Pune, also known as Poona is a historic city presently more popular as an expanding IT hub in India. It is an evolving city, with busy streets, growing real estate, enlarging city limits, flourishing shopping centres, buzzing educational institution and its trendy youngsters yet it also has pretty gardens and green patches, cultural institutions, ancient structures with its religious and traditional people. This is my new hometown and I have frequent guests from my native place who come to meet as well as tour the city. So today I take my readers to a Pune city tour as I take my guests.
There is a general misconception among outsiders and even some of the Punekars (as the dwellers of the city love to be known) that there is not much to see within the city but a long list of places in the outskirts and in the surrounding districts. When you talk about the city they generally point towards commercial places like the water park, shopping malls and eateries while I try to look out for places with some history or other esthetic value. So I decided to write this post with a list of the places that I find interesting and I hope my readers too will consent.
Let us start the Pune city tour from the centre of the city, in a religious way with the darshan of the rich, gorgeous, old and famous Ganapati of the Dagdu Seth Halwai. Dagdusheth Gadve was a sweet maker from the state of Karnataka who later settled in Pune. To overcome the mental state of depression following his son’s death, he constructed the Ganapati idol and established the temple in the year 1893. He gained fame and took over ‘Halwai’ as his surname. The original Halwai shop is seen near the temple with the name “Kaka Halwai” and its branches spread across Pune.
No city is complete without its history so let give a brief introduction to the city before taking my readers to the next destination. The earliest history of the city dates back to the 9th century during the reign of the Rashtrakuta rulers. The major and most noticeable period of history was during the Maratha rule of which the Peshwas have a major contribution to the creation of many buildings and temples.
Post-independence, this historic city and the once capital of the Peshwas saw a rapid transformation and development. The Pune University, the National Chemical Laboratory, the National Defence Academy, the Film and Television Institute of India and many other major educational and cultural institutions were set up. Later on, many industries developed and now it is a major IT hub in the country.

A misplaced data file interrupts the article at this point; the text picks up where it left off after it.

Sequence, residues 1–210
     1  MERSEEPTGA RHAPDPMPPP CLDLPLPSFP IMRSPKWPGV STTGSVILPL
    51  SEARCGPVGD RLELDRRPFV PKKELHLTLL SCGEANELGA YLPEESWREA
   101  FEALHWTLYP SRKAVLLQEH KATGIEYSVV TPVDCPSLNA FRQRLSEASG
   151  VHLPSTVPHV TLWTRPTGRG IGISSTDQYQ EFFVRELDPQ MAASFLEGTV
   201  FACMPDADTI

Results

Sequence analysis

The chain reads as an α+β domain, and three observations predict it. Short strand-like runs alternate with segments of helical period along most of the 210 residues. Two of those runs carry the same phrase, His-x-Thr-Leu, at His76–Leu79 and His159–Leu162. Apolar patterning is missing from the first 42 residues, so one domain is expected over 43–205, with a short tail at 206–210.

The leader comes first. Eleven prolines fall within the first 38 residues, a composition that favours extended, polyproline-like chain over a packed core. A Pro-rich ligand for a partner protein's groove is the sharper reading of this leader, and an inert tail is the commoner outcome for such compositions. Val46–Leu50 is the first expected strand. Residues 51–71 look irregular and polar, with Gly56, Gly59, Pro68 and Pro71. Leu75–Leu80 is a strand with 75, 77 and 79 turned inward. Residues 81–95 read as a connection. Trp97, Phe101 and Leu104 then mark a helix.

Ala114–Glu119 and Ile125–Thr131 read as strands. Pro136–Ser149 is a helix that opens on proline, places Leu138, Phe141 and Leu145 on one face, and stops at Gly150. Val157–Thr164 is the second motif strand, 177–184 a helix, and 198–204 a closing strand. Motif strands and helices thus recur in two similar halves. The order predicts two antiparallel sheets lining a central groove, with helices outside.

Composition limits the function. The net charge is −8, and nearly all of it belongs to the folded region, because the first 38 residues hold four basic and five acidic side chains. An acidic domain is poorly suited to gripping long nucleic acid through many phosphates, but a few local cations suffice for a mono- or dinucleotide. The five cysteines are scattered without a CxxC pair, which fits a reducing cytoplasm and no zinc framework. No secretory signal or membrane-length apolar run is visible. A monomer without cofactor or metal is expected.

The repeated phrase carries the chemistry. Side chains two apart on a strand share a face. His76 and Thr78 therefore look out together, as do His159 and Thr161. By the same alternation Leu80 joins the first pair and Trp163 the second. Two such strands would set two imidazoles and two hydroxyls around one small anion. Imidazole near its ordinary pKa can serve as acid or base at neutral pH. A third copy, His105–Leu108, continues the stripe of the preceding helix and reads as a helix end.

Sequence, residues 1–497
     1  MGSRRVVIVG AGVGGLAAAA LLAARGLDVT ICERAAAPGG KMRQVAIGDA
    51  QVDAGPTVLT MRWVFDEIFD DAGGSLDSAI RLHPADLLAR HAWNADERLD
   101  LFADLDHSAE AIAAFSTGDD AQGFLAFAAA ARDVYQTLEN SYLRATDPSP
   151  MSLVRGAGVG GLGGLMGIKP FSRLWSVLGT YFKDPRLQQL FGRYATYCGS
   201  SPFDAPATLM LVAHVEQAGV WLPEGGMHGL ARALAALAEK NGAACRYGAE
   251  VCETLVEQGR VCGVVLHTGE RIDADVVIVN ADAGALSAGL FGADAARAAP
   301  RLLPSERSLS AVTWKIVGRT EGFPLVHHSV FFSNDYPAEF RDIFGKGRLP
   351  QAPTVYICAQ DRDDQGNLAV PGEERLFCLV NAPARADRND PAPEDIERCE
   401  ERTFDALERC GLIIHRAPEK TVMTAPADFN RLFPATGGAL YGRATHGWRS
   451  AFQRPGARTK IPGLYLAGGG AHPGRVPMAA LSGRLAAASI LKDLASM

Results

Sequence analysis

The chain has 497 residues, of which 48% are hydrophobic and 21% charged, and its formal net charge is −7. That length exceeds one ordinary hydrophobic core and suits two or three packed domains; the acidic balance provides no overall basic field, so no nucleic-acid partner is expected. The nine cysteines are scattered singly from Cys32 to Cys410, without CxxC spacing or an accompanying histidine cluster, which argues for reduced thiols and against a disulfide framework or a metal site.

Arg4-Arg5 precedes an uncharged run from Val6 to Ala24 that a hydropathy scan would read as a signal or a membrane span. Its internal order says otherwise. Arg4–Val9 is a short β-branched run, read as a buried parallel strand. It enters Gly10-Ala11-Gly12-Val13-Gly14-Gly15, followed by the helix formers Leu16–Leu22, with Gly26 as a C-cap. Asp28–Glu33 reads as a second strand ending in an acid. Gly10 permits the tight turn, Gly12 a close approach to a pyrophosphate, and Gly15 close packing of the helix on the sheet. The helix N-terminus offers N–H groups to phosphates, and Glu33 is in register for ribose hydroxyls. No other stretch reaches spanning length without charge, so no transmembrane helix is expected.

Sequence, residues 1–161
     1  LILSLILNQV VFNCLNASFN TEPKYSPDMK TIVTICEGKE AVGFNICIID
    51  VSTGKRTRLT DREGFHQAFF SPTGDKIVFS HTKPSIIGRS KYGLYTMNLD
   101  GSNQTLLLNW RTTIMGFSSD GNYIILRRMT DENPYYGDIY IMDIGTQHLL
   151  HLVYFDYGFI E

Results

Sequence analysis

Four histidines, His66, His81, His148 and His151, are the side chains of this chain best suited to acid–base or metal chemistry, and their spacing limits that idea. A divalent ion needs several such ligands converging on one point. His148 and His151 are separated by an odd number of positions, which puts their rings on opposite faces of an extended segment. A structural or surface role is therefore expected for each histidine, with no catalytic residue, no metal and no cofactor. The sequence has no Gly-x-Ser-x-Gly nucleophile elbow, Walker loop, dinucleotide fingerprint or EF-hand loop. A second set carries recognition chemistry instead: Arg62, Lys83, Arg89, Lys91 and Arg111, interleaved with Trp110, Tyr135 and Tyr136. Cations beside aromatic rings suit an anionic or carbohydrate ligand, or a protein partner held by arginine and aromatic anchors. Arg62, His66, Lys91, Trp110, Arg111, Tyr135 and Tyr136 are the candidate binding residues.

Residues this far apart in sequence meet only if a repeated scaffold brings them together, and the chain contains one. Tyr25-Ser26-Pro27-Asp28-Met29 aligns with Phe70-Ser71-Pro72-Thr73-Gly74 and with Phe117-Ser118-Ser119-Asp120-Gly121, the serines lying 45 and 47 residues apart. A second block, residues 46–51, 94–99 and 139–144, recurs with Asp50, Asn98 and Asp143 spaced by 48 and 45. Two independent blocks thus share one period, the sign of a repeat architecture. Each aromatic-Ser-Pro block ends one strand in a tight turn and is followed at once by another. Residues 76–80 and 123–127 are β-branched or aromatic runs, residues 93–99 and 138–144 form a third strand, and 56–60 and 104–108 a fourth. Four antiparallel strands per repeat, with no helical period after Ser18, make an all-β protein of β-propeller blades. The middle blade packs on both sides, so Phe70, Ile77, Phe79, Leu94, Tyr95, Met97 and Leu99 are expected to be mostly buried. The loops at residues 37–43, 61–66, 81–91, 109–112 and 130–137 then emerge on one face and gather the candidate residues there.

Being an ancient city, the old city area has the remnants of many historic structures. The old ‘Wadas’ (residential complex) with the typical architectural style then prevalent can be seen in the areas. Some are of historic importance being the residence of some eminent personalities while others belonged to some wealthy people of the time, some are well maintained while some are in its ruins just like any other old Indian city.
Now let me take you to the next location of Tulsi Baug, with historic as well as commercial interest attached to it. The Tulsi Baug is an immensely popular destination this day being a market area with stores of every possible item to lure the passerby. From vegetables to fruits, from jewellery to clothes, from food to household goods, from puja items to toys, it has all. Apart from the shopping area, this ancient place is also famous for the Tulsi Baug Ram temple.
Tulsi Baug is famous for and it got its name from the Tulsibaug Wada which has the ancient Ram temple built during the Peshwa Era in the year 1761 by Naro Appaji Khire who was known as Tulsibaugwale. This Ram temple was built beside the Wada along with other temples dedicated to Lord Ganesha and Lord Shiva. The Ram Temple and the adjacent area remains intact similar to the ancient times. The Ganapati adorned with glittery jewellery resides in the heart of the market area and this place sends a vibe of typical Maharashtrian culture and heritage.
Pune was the capital of the Peshwas and they were the de facto ruler of the Maratha Empire for more than a hundred years, so they had an indelible impact on the region. Since Balaji Vishwanath Bhat, the Sixth Peshwa to the Maratha Empire it has been a hereditary affair. The Bhats (Deshmukh) were Maharashtrian brahmins and were highly religious and in their course of the reign, they constructed many temples and religious places.
Our next destination is one such temple known as Talyatia Ganapati in the famous Saras Baug. The Saras Baug used to be a huge lake in ancient times which dried up in due course of time and is now a sprawling garden of large trees. The Talyatia temple was so-called because the temple used to be within the lake. It was again commissioned by Nanasaheb Peshwa and was used for planning military strategies against the Mughals and the British Empire.
Parvati, the adjacent hillock is again associated with the Peshwas and it also has a temple on it. Peshwa Balaji Baji Rao purchased the hill to build a Shiva temple after his mother was cured of a severe injury. The Devdeveshwar, the main temple was built of black stone and was completed in 1749. Parvati Hill has 103 steps that lead to the top of the hill and provides a panoramic view of the Pune city. The last Peshwa of the Maratha Empire, Baji Rao II watched the battle between his army and the British army in the year 1817 where the Marathas were defeated. The hill also has a museum which displays different items used by the Peshwas.
Raja Dinkar Kelkar Museum exhibits the collection of Dr Dinkar G. Kelkar. The museum was established by him and later donated to the Government. The next destination is the famous and the iconic monument of Pune – the Shaniwar Wada. The fort was built by Baji Rao I (the minister of Shahu Maharaj), as his residence. Pune, being the capital of the Maratha Empire the Wada became the seat of political affairs during the Peshwa rule.
The construction of the fort was started with stone as the primary building material in 1730. Later with the objection from the Shahu Maharaj (sighting the reason that only kings have the privilege to build their residence with stone) the plan was scrapped and the remaining seven-floor structure was built with brick above the stone base. The rich embellishment of teak was added on ceilings, doors, windows and other places. The construction of the fort was completed in the year 1732. During the consecutive rule of the Peshwas, many additions like the construction of the outer bastion, gates, fountains, court halls took place.